Last month, the government of Canada changed the way you buy a home. New mortgage rules, designed to protect the market and buyers from the shock of changing interest rates, have left some buyers confused. Here, we offer a breakdown of what these changes mean and how they affect you when buying your home.
Almost all buyers must now qualify for a 5-year term, fixed-rate mortgage at their bank’s posted interest rate, but can still chose any mortgage term. Buyers who are looking for a variable-rate mortgage, which is tied to the Bank of Canada’s rate, can still do so. They MUST, however, show that they can service a loan at the higher 5-year term rate. As before, principal home owners must have at least a 5% down payment and can chose a maximum amortization rate of 35 years.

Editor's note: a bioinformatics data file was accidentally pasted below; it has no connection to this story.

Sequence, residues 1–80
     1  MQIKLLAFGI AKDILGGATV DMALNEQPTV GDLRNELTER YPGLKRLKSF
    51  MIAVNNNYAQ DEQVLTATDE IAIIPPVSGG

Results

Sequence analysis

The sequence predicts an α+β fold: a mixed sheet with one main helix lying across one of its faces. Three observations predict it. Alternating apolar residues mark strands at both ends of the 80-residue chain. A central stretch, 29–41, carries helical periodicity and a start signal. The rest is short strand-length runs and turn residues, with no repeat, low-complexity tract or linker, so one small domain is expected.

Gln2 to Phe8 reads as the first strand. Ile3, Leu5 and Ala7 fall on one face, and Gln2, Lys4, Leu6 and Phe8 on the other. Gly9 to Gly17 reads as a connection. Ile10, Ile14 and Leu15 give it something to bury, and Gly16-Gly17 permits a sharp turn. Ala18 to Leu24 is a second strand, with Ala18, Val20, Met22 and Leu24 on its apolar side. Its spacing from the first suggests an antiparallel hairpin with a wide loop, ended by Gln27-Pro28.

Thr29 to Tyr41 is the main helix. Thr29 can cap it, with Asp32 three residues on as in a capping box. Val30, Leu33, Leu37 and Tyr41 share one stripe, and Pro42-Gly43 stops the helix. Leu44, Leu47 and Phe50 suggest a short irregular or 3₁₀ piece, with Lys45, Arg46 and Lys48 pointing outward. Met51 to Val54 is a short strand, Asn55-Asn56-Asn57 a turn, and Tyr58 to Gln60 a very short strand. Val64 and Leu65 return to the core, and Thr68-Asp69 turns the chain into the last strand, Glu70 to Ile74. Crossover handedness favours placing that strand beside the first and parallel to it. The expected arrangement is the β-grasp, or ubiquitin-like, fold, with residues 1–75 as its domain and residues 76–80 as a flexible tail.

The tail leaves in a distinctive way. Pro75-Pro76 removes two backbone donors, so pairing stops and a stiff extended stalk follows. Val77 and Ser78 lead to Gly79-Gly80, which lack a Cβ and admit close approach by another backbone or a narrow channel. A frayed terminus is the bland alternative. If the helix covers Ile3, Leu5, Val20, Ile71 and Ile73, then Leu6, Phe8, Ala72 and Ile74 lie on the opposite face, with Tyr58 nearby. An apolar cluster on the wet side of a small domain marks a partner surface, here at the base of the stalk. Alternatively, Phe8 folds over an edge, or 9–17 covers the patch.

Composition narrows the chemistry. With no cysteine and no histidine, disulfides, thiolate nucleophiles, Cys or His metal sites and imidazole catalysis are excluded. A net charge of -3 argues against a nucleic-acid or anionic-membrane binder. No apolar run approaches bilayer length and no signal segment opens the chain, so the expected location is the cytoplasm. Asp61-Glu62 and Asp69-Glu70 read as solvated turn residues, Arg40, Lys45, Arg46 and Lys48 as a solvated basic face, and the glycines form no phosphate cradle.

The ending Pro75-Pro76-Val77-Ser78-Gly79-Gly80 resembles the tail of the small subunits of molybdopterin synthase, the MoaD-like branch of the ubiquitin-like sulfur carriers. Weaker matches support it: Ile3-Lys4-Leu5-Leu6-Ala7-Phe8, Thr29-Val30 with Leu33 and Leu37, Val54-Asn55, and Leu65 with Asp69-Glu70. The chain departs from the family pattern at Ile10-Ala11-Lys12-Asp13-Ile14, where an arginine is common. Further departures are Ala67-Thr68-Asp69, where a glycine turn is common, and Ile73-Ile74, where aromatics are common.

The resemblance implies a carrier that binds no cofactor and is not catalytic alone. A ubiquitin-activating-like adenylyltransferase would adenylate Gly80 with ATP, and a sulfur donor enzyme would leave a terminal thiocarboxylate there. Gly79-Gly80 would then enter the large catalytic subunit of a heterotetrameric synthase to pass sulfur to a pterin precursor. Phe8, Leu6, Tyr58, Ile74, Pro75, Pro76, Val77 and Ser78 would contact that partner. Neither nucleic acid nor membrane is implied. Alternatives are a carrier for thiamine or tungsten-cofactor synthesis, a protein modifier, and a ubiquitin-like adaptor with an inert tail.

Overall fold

Buyers looking to enter into the investment market also face more stringent rules. Those buyers looking to invest in an income property must have a minimum 20% down payment. In the past, such buyers could obtain a mortgage with 15% down. There is one exception to this rule. Buyers looking to purchase homes that will serve as both their residence and an investment property (such as duplex units) can still qualify with just 5% down.
Keep in mind that the new regulations are not insurmountable obstacles. “They may seem strict,” says Treena Rogers, Mortgage Associate at Jencor Mortgage Corp. here in Calgary, “but they are there to protect you.” Her advice to potential buyers is to read the new rules, think clearly and speak to a mortgage professional. “People are afraid they can’t qualify,” says Treena, “but knowing the rules and talking to a broker will make everything clear."
Ross PAVL Marketing Group
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